Amanda: Yes, and no. I think that was more something instilled within us as children, which has permeated our daily lives and therefore our community culture at Proof. Both Jon and I are first-generation Americans. We grew up with the heavy influence of our native cultures, both of which are heavily tied to agriculture, old world traditions, and general resourcefulness.
Jon: Taking care of a sourdough starter so that it is viable and consistent enough to make a wide range of items requires a study of fermentation daily. The constraint of sourdough requires our team to be more in touch with the fine details of temperature and time. Sourdough baking is after all less forgiving on the whole. Small mistakes can lead to devastating results. I believe the choice to remain a sourdough only bonds our crew together and with Harriet. I believe that as a result of the desire to make the best breads, we also care to be as in touch with the ingredients as we can be. Our breads after all are the ingredients they are made of.
Barry (The Brewed Palate): After watching your recent videos at your local mill, I became even more curious about your custom flour blend. Can you describe the process that led you to finalizing the blend that you use nowadays? Furthermore, would you recommend that home bakers work towards creating their own unique blend of flours that they can use for a variety of loaves?
Jon: Our custom flour blend is a template, more than anything else. A signature flavor wheat. Of the locally grown wheat, much are heritage grains like White Sonora, or Blue Beard Durum. We wanted to offer a flavor profile in our bread that is unique to our region. Now, when I play with new formulas I often blend our custom blend as a base, and then add other grains or flour types in for desired effect. We came up with that particular blend based in large part on dough strength, the quality of the dough development, and ultimately taste. In the beginning we trialed all types of ratios of various flours from our local stone mill, until a particular formula stood out.
Barry (The Brewed Palate): When a sourdough baker enters the world of pastry, the croissant is often the first pastry that he or she attempts to bake. What are 3 tips that you would give to sourdough bakers attempting to prepare and bake sourdough croissants for the first time?
Jon: 1. Warm, humid, long final proof above all else 2. Refrigerate your dough in sheets before lamination, 3. Laminate with the butter at +/- 3 degrees of 60F.
Barry (The Brewed Palate): Going beyond croissants, can you describe your sourdough pastry recipe development process?
Jon: We have been pretty constrained by cottage food laws in the types of pastries we can pursue, and so variations of croissant dough have been an intense focus. Sourdough offers a more neutral pastry dough, which can pair with either sweet or savory. As a result, our pastry development program has been a continual variation of the sourdough croissant dough base. We are making good headway in sweet breads these days. An enriched sourdough, that can be used in a number of variations to create different types of dessert sourdough breads. As we move to a brick and mortar we will be able to expand our methods of recipe development beyond the constraints of cottage food laws.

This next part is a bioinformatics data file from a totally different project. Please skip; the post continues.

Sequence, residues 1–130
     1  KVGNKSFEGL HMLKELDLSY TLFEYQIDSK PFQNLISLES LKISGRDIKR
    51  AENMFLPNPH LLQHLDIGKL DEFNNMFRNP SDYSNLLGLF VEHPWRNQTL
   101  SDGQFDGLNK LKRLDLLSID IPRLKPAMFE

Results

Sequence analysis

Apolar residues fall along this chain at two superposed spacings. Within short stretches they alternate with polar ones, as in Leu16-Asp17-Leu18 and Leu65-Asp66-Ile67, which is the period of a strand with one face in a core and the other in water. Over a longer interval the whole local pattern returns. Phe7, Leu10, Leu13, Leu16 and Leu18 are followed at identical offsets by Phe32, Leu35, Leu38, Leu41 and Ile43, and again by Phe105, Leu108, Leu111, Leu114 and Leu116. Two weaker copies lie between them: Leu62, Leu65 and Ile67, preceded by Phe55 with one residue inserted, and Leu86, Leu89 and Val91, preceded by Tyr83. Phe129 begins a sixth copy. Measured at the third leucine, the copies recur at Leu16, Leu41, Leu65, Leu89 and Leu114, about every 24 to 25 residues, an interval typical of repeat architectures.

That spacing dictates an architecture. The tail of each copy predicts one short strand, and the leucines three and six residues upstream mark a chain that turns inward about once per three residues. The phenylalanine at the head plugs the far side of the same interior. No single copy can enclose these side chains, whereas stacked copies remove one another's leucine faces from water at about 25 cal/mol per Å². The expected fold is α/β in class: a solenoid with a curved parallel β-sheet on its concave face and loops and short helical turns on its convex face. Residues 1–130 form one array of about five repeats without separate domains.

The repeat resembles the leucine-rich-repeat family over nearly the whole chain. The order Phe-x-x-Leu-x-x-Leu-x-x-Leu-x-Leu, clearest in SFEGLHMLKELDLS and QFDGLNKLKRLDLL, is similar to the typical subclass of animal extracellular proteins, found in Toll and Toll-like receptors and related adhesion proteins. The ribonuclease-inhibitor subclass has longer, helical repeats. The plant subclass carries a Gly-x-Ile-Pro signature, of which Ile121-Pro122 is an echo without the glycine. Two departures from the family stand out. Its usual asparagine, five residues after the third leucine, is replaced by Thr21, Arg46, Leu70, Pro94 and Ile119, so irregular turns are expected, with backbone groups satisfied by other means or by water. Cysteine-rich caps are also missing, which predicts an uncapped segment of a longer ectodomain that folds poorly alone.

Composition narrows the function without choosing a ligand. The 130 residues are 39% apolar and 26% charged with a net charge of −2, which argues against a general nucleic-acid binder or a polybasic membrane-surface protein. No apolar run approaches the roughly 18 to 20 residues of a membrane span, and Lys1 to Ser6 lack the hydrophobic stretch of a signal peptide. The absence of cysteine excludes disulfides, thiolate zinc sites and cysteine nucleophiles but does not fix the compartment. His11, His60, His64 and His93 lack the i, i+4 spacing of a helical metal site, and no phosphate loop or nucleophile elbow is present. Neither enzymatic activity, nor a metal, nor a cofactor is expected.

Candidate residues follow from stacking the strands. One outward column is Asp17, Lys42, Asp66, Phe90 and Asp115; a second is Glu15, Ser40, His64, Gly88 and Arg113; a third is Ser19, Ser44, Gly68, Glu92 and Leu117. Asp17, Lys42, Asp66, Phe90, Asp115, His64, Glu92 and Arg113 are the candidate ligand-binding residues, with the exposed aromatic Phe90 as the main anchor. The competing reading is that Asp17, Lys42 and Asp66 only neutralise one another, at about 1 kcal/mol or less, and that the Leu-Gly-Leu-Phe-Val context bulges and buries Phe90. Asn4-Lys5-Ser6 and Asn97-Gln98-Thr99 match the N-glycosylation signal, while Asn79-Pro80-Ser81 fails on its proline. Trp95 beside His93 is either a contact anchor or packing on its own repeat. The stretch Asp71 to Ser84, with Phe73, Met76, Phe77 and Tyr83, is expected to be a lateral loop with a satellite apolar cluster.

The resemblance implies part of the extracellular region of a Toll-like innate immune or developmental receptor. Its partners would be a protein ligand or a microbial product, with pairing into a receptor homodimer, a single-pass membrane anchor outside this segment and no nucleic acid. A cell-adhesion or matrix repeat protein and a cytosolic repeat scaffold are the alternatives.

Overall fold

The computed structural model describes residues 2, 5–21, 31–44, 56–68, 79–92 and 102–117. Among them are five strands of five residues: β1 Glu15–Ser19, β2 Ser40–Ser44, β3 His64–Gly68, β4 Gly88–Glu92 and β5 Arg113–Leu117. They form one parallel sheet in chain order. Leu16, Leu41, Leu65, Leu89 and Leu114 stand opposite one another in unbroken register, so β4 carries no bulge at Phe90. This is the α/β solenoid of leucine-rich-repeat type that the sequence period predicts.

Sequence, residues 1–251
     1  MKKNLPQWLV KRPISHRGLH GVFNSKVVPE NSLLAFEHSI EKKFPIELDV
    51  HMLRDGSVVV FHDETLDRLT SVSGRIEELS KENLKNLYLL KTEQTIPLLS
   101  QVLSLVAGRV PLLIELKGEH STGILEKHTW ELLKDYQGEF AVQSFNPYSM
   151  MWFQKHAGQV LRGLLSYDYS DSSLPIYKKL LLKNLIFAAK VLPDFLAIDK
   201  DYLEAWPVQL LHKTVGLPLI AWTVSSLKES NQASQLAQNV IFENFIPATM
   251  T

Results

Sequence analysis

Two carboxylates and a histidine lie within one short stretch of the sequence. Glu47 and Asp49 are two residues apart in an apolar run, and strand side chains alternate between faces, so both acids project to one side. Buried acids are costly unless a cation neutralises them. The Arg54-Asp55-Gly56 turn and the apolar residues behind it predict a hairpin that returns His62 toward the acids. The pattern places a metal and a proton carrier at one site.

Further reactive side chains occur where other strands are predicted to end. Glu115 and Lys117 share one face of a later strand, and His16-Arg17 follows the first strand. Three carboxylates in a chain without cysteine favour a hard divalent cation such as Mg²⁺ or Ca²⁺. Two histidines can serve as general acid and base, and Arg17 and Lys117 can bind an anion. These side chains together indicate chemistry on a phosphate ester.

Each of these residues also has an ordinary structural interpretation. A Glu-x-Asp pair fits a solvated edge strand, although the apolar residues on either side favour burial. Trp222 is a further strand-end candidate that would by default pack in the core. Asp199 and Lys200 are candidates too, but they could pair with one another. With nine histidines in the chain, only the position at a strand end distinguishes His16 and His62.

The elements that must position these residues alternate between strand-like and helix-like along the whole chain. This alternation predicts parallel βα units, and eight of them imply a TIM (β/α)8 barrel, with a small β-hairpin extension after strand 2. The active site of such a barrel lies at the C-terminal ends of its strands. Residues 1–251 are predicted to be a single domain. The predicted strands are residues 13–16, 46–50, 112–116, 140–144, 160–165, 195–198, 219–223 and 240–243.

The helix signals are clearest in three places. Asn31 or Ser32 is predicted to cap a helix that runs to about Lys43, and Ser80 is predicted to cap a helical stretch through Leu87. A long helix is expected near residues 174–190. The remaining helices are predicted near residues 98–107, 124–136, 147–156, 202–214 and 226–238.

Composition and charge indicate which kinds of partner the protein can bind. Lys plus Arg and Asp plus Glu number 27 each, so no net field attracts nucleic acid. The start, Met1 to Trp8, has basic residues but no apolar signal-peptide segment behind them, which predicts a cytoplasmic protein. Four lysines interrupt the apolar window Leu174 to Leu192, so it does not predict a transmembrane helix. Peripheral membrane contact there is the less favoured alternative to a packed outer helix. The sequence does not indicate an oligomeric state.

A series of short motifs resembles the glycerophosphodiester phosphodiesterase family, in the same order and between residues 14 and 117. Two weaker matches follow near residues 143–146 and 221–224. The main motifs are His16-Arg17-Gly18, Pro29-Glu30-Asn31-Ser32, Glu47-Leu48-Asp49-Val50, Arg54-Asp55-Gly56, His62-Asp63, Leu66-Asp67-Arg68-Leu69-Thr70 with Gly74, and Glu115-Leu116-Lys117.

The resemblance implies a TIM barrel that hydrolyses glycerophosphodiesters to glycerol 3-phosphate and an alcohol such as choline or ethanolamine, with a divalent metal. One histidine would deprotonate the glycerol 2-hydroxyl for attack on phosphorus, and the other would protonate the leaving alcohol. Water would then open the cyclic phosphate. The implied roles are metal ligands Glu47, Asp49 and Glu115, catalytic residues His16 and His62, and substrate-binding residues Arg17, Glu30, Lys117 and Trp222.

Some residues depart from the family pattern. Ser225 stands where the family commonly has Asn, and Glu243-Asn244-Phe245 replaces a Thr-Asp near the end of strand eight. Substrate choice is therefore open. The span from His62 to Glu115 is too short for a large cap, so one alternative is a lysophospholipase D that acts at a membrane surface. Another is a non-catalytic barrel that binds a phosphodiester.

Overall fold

Barry (The Brewed Palate): As a bakery who values bread scoring as a form of artistic expression, what are 3 tips that you’d give to bakers who are looking to improve their decorative and functional scoring skills?
Amanda: 1) Practice your functional scoring before getting too creative. Everything is connected. The more you practice your hand at the basics, the better understanding you will gain for your more complex scoring. Bonus tip: cut at an angle under the skin to get a “lip” to help your ear.
2) Use a sharp blade. Just like in the kitchen, a dull blade doesn’t get you very far. Dull blades will cause you to drag the dough potentially misshaping your loaf or design. A sharp blade will help even the most inexperienced baker.
3) Observe. Observe everything. To me, scoring is a form of meditation. It’s the moment to reconnect with your dough. Each loaf will be different (this is the fun of sourdough), so notice how it feels, how it reacts to your blade when you cut it this way or that, etc.
Barry (The Brewed Palate): With so many sourdough bakers opening cottage bakeries nowadays, what are some lessons that you’ve learned from your cottage baking experiences that you’d like to convey to home bakers choosing to turn their baking hobbies into a profession?
Amanda: Define your motivation and write it down. It’s not easy to run your own business. The days ahead will be long and hard, and you will need the reminder from time to time. Also, figure out how to keep the things you love in tact. For us, we dived in head first, and may have hit our heads a couple times at the bottom. I can fully admit I had a few meltdowns that could have been avoided if we spent more time doing other things we loved. Don’t forget that life is about BALANCE!
Jon: Build a customer community of your own. Wholesale is a tempting way to build volume, but I found it to be very difficult in the beginning, when we didn’t have the business infrastructure to cut product costs sustainably, nor the logistics capabilities to run deliveries on wholesale timelines. If you can work with a Farmer’s Market, it really is an excellent way to grow your own community.
Barry (The Brewed Palate): Though your need to start the process of transitioning from being a cottage to a commercial bakery began under less than ideal circumstances. What are some goals that you hope to accomplish once you’ve settled into your new location? and How can the sourdough baking community help you accomplish them?